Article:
Those individuals who frequent public pools, gyms, and other community locations where water and showers are common will know that one of the ever-present concerns is the spread of plantar warts.
Are plantar warts contagious? Yes! They are highly contagious, and any direct contact with this virus (Human Papillomavirus (HPV infection)) can cause an individual to become infected. Although most plantar warts will usually disappear on their own over time, they sometimes stick around and become painful. That is when patients may need to seek medical treatment for plantar warts from a trained physician or attempt some at-home remedies.
At Rogers Foot & Ankle Institute in Eagle Mountain, Utah, our podiatric specialists understand the risk factors that some people may have for contracting the viral infection that causes plantar warts and the most effective plantar wart treatment. Contact us today to schedule an appointment with one of our foot health experts and discuss the suitable options for treating plantar warts.
What Are Plantar Warts?
Plantar warts are growths on the sole of your foot caused by the Human Papillomavirus (HPV). You may contract plantar warts through direct contact with someone else with a plantar wart or through a shared surface which someone with the virus has walked. Everyone’s immune system will react differently to the virus, so you may not develop warts after exposure.
Plantar warts are about the size of a pencil’s eraser, but they can be bigger or grow in clusters. They are often mistaken for calluses because they are flat, hard spots on the sole. They are commonly found in warm and moist environments, so the locker room, pool, and showers are frequent virus exposure locations. You will often see a black spot in the center of the wart caused by tiny blood vessels in the wart that supplies it with blood and nutrients.
Causes of Painful Plantar Warts
The quickest way to spread and infect others is through direct contact with a plantar wart. Otherwise, they can be spread through indirect contacts such as towels, bath mats, shower stall floors, and other community locations where individuals may share a space.
Those with a history of warts, teenagers, children, individuals who frequent gyms and pools, and those with a suppressed immune system are at higher risk of contracting warts.
How to Treat Plantar Warts
The best way to treat warts on your feet will depend on your situation. Our foot and ankle specialists will examine your plantar warts and decide which treatments are right for you to ensure you can keep your feet healthy and pain-free. Below are some of the most common treatments to remove plantar warts (or other warts) from infected tissue on your feet.
Non-Surgical Removal Methods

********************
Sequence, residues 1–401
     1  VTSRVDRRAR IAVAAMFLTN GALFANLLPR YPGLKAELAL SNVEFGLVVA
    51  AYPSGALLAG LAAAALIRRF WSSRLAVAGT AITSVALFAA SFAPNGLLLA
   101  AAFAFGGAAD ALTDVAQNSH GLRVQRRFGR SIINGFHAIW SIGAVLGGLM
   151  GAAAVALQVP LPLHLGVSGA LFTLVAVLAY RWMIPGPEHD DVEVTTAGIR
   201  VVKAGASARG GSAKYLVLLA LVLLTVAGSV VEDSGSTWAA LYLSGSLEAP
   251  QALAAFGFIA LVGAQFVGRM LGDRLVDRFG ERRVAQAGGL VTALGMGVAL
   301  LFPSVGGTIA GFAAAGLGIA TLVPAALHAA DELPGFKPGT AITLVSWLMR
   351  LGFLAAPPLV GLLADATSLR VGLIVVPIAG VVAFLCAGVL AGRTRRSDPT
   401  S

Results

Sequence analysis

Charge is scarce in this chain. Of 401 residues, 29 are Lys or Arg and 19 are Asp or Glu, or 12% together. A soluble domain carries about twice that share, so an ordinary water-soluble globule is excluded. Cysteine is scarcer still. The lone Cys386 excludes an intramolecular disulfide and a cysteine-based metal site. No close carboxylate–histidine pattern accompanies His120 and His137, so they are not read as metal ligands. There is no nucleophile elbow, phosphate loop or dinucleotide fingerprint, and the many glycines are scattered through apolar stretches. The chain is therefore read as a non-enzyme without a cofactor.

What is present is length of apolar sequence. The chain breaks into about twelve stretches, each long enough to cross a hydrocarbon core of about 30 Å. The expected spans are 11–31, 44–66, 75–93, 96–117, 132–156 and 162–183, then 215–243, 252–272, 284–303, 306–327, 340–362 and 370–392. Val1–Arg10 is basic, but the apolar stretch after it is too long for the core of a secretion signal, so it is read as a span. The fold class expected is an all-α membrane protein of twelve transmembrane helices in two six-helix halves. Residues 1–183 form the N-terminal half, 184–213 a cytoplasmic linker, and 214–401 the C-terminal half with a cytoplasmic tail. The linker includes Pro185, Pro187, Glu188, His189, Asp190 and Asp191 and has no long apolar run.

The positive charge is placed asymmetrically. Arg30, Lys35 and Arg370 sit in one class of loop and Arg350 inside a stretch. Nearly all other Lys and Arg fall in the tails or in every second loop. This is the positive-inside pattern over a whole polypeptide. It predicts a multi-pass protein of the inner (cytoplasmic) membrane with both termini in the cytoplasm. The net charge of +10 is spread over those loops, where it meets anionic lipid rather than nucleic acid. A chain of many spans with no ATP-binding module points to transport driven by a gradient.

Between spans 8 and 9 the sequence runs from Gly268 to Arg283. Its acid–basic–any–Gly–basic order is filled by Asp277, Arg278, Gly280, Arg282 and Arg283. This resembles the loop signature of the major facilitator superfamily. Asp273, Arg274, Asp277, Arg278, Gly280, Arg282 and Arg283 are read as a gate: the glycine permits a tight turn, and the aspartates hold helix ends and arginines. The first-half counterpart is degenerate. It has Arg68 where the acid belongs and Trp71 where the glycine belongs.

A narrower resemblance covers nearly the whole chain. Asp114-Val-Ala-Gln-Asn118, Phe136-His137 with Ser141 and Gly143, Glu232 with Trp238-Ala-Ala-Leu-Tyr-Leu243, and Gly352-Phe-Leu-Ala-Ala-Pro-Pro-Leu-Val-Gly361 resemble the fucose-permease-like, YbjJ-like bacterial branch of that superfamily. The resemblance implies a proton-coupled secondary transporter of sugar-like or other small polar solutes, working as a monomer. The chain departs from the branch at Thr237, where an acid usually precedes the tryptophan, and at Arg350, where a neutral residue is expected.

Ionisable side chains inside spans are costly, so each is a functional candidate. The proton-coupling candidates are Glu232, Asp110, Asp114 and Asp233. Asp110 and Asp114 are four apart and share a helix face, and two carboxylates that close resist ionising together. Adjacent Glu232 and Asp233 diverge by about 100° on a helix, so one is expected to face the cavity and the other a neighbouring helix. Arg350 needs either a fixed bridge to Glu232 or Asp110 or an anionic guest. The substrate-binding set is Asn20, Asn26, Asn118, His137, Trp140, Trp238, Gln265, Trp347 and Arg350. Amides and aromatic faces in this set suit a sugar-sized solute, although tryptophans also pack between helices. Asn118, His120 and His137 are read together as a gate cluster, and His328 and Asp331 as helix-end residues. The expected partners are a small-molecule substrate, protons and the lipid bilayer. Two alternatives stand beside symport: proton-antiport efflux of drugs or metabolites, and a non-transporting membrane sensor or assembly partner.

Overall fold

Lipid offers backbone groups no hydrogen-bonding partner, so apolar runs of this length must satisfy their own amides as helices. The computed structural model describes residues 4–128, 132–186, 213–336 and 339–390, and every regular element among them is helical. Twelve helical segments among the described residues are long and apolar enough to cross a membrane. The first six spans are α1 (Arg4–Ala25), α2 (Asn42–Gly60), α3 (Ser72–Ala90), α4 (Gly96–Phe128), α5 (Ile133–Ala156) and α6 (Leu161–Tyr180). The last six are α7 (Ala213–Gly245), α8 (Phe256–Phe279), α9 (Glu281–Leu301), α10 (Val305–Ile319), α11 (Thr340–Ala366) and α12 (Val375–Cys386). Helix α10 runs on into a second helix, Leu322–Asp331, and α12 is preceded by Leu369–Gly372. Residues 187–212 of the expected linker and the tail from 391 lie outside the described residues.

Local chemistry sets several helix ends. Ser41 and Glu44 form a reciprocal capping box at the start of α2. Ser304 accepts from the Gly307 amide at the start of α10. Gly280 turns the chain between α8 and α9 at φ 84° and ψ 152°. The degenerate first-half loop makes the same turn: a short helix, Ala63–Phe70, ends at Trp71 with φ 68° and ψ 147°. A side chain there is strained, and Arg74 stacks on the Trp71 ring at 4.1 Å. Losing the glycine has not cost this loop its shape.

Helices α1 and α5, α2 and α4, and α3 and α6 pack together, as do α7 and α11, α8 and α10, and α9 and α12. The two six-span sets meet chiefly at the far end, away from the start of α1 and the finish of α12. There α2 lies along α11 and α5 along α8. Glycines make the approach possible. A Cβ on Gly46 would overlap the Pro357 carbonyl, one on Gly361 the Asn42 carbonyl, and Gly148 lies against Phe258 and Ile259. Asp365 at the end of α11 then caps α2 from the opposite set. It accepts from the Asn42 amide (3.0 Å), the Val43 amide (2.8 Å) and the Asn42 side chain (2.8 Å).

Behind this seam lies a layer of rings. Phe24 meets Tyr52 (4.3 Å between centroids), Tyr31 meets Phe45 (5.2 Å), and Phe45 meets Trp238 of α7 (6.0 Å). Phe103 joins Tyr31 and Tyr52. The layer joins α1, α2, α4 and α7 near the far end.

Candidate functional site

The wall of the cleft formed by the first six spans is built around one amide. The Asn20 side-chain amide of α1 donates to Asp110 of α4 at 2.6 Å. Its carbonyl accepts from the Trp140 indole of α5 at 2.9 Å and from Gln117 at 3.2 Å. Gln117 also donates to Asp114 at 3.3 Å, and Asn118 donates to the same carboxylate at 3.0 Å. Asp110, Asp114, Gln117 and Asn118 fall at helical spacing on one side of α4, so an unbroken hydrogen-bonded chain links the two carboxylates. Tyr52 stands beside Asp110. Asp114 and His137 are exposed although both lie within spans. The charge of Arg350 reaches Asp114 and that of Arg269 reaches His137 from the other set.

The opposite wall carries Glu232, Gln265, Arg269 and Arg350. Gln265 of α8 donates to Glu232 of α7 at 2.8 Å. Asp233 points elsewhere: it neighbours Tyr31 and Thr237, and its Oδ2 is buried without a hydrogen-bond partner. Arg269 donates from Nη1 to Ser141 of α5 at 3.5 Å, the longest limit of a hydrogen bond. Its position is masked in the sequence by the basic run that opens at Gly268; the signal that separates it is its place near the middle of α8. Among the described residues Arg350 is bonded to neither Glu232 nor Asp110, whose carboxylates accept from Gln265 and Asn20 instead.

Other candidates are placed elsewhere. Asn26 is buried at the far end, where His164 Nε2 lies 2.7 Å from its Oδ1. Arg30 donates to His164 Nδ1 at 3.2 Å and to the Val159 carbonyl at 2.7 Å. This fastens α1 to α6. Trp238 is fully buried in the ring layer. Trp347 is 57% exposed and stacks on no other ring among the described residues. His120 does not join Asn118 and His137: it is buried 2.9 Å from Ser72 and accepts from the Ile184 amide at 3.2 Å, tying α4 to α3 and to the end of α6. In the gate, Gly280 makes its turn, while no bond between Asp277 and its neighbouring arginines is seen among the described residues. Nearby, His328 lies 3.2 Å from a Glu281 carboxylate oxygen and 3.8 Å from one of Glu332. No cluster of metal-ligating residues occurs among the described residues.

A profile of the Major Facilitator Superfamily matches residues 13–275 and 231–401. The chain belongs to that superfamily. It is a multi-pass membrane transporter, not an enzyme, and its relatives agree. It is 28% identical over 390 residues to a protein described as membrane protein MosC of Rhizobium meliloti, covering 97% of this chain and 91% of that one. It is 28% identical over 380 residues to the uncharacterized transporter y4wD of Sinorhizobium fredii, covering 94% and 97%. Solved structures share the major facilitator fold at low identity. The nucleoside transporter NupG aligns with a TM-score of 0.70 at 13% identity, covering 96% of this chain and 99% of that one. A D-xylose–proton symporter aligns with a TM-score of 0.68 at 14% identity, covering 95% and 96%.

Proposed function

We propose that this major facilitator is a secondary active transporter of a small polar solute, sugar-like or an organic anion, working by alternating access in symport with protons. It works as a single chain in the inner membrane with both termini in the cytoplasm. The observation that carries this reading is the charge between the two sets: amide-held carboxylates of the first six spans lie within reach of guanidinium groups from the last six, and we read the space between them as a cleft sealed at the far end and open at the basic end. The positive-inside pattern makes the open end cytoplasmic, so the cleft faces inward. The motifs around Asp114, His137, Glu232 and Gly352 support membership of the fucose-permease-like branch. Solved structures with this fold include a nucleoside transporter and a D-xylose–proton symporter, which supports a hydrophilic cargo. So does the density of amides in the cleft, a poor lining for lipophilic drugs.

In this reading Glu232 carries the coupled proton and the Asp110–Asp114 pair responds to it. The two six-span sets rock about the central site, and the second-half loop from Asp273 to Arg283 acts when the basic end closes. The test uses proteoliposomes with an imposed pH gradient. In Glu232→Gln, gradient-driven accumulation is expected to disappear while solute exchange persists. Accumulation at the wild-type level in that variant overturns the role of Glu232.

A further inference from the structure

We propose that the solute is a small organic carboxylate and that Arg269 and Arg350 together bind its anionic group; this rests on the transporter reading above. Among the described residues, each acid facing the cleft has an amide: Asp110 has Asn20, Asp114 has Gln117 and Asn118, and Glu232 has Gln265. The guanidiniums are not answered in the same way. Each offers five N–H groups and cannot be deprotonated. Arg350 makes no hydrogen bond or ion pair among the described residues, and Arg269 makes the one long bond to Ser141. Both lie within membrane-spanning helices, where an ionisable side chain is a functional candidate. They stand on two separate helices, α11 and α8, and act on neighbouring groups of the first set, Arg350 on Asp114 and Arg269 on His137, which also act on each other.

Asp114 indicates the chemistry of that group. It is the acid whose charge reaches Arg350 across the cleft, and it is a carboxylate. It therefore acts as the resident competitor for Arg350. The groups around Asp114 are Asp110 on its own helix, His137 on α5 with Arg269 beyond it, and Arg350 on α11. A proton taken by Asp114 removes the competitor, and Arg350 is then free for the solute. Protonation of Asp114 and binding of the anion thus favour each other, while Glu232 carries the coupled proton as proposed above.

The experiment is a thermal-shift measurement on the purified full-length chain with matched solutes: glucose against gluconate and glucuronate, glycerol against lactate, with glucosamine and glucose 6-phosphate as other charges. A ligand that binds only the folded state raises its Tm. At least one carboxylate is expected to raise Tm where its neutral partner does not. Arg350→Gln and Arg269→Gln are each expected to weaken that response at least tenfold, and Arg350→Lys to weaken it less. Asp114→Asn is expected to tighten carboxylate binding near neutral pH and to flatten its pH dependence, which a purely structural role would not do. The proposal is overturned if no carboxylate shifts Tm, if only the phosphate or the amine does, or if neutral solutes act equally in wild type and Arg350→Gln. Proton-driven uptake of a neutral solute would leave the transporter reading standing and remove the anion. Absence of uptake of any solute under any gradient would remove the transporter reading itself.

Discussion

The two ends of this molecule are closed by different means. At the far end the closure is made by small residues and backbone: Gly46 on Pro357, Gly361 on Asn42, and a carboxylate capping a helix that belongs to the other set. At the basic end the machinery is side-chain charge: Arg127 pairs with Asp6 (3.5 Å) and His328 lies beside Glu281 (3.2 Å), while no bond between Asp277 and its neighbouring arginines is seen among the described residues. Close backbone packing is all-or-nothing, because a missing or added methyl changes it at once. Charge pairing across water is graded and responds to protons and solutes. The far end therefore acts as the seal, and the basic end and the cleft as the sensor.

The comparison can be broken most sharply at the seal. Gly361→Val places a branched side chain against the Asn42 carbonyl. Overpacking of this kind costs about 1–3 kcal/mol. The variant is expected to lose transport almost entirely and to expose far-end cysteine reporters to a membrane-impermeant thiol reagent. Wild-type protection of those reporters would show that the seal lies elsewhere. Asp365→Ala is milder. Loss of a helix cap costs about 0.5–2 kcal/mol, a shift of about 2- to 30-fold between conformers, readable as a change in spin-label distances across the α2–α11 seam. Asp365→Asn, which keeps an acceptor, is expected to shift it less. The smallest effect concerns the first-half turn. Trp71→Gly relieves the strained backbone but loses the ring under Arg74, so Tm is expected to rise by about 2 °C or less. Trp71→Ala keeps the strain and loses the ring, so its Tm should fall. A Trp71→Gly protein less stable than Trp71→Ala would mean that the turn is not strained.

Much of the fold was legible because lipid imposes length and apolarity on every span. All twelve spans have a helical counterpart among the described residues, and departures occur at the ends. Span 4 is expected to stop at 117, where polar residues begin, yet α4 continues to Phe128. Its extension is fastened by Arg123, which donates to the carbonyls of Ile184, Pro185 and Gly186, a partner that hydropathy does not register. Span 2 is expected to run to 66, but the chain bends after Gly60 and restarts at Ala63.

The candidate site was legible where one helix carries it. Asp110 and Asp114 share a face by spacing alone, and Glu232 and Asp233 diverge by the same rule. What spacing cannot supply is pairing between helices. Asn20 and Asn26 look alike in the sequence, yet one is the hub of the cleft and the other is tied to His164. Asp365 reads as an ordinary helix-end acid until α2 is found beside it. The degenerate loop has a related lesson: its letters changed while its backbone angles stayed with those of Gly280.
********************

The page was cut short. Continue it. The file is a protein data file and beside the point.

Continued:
When you visit our physicians at Rogers Foot & Ankle Institute in Eagle Mountain, Utah, we will evaluate your health circumstances and recommend multiple treatments that could be used, which are non-surgical.
Our team will never jump straight to surgical options without using less invasive techniques. We have topical treatments, laser treatments, and mild acids that all work to remove plantar warts for you to no longer has to deal with mosaic warts’ pain or unappealing nature.
Our foot and ankle specialists will discuss the following non-surgical treatments to fight viral warts:
- Cryotherapy with liquid nitrogen (freezing medicine)
- Prescription-strength wart medications such as salicylic acid
- Injection with an immune therapy antigen or cream from your physician
- Trichloroacetic acid treatment from your doctor followed by at-home treatment with salicylic acid
If these treatments do not produce the results you were looking for, our team may recommend minor surgery to remove plantar warts.
Surgically Removing Plantar Warts
If surgical treatment (known as curettage) is recommended, you will be placed under a local anesthetic to remove your foot’s entire wart and wart tissue. Once the wart tissue is removed, and healthy skin is exposed, the area will be treated with phenol to burn the wart tissue, and silver nitrate stops the bleeding. Within a week or two post-surgery, you should normally be walking, and your pain will likely be significantly reduced or eliminated.
At-Home Treatments for Plantar Warts
There are a couple of over-the-counter treatment options that you can do at home rather than making a trip to the podiatrist. Most over-the-counter options include a small concentration of salicylic acid or a freezing kit. These treatments are not always successful, and you should always follow the directions on the packaging as closely as possible. If there is a problem or the wart is not removed, see a doctor as soon as possible.
Some other at-home remedies have been passed down through the ages (and across the internet), but they are often unsuccessful and potentially harmful. Things such as suffocating the wart with duct tape or using apple cider vinegar are usually not beneficial because they do not induce a response from the immune system to fight the virus. What often happens is skin irritation and infection.
The absolute best option is to prevent warts from forming on your feet in the first place. You can take precautions to prevent the spread of cutaneous warts by wearing flip-flops in public showers, changing your socks every day, and making sure not to share towels or shoes with anyone who may have them.
Contact Our Foot and Ankle Specialists to Learn about Wart Removal Techniques
If you or a loved one suffers from painful plantar warts and needs a medical professional’s help, contact the experts at Rogers Foot & Ankle Institute in Eagle Mountain, Utah. Contact us at 801-756-4200 today to schedule your appointment! We have the experience, knowledge, and expertise to help you remove plantar warts and make sure that they do not come back.